Is Your RV Road Ready?

Are you and your RV ready for a brand new camping season?

There’s something magical about a summer road trip. And it’s a standby in literature and movies—from John Steinbeck’s classic Travels with Charley to Smokey and the Bandit.

Much has changed in RVs over the years © Rex Vogel, all rights reserve

Times have certainly changed since Steinbeck and his dog Charley made their way across the country 54 years ago. But one thing hasn’t changed: A summer road trip is still the best way to see America, see its natural wonders, national parks, historic sites, and big-name tourist attractions.

But RVers still travel with and pamper their pets © Rex Vogel, all rights reserve

Hitting the open road can be the highlight of any spring or summer camping expedition but don’t let preventable maintenance issues put a damper on your vacation.

Preventive Maintenance

Preventive maintenance includes inspection of the entire unit from top to bottom on a regular basis © Rex Vogel, all rights reserve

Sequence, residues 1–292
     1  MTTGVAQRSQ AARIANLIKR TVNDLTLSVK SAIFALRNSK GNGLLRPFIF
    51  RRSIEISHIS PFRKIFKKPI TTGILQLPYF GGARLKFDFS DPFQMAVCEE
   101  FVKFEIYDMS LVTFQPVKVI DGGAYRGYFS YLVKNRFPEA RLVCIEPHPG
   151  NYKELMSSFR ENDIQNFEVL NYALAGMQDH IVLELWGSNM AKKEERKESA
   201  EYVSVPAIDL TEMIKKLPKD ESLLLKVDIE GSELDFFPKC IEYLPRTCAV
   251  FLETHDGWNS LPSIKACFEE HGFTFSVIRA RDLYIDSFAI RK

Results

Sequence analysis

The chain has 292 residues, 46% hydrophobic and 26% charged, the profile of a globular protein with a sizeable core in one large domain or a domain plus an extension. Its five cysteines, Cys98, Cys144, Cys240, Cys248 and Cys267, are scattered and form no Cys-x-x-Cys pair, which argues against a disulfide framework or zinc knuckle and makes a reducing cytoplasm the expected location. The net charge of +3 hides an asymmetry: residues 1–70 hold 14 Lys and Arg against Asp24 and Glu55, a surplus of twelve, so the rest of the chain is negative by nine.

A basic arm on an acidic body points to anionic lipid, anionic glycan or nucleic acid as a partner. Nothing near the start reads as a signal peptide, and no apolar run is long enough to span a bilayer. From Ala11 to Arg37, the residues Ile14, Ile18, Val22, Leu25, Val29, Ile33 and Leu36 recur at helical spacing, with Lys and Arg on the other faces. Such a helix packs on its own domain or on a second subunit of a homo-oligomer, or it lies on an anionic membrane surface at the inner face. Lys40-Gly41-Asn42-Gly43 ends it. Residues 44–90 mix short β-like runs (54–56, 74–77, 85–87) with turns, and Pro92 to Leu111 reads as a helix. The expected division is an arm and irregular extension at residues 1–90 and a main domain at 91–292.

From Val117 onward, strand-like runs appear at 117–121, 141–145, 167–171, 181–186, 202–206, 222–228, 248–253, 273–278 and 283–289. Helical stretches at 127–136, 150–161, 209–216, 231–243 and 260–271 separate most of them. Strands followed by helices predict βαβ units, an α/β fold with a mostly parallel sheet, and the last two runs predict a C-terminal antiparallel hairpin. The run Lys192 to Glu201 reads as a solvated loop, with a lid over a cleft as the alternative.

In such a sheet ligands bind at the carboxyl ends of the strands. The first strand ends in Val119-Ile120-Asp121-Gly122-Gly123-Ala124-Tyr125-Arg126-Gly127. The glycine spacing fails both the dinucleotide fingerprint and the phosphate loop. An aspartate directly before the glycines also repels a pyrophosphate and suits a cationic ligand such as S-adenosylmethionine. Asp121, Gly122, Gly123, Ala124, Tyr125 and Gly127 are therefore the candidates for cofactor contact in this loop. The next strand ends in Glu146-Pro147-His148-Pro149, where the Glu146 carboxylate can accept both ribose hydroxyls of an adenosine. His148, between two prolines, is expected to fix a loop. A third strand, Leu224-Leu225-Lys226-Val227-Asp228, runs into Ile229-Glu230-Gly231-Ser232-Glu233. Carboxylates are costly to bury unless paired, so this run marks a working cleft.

Preventive maintenance is designed to prevent or identify potential problems that could lead to mechanical breakdown, malfunction, or failure of a component or system. Don’t confuse this with regularly scheduled maintenance (SEE below).

Inspect all the roof and window seals of your RV and reseal any that are showing signs of damage or aging.

Washing and waxing your rig on a regular basis is an important part of preventive maintenance © Rex Vogel, all rights reserve

Check awnings for damage, mildew, and insects.

Examine the hitch system for wear, loose bolts, and cracks.

Check for cracks in hoses and fan belts and replace if necessary.

Check all lights. Make sure headlights, fog lights, taillights, brake lights, and turn signals are all functioning properly.

Preventive maintenance includes the interior of the rig © Rex Vogel, all rights reserve

Preventive maintenance applies to the RV interior as well as the exterior. Stains become more difficult to remove when vinyl or leather is allowed to become dry.

Scheduled Maintenance

Schedule maintenance as required by the owner’s manuals © Rex Vogel, all rights reserve

Scheduled or routine maintenance is performed in intervals normally based on time, mileage, or hours.

Note: It is absolutely essential that you read your owner’s manual and warranty information in regards to who is responsible for what when it comes to scheduled maintenance. Adhere to the service schedule outlined in the manual. Scheduled maintenance that is required by the manufacturer and not performed can void your warranty.

Safety Alarms

Maintenance includes ensuring that all safety features are operational at all times © Rex Vogel, all rights reserve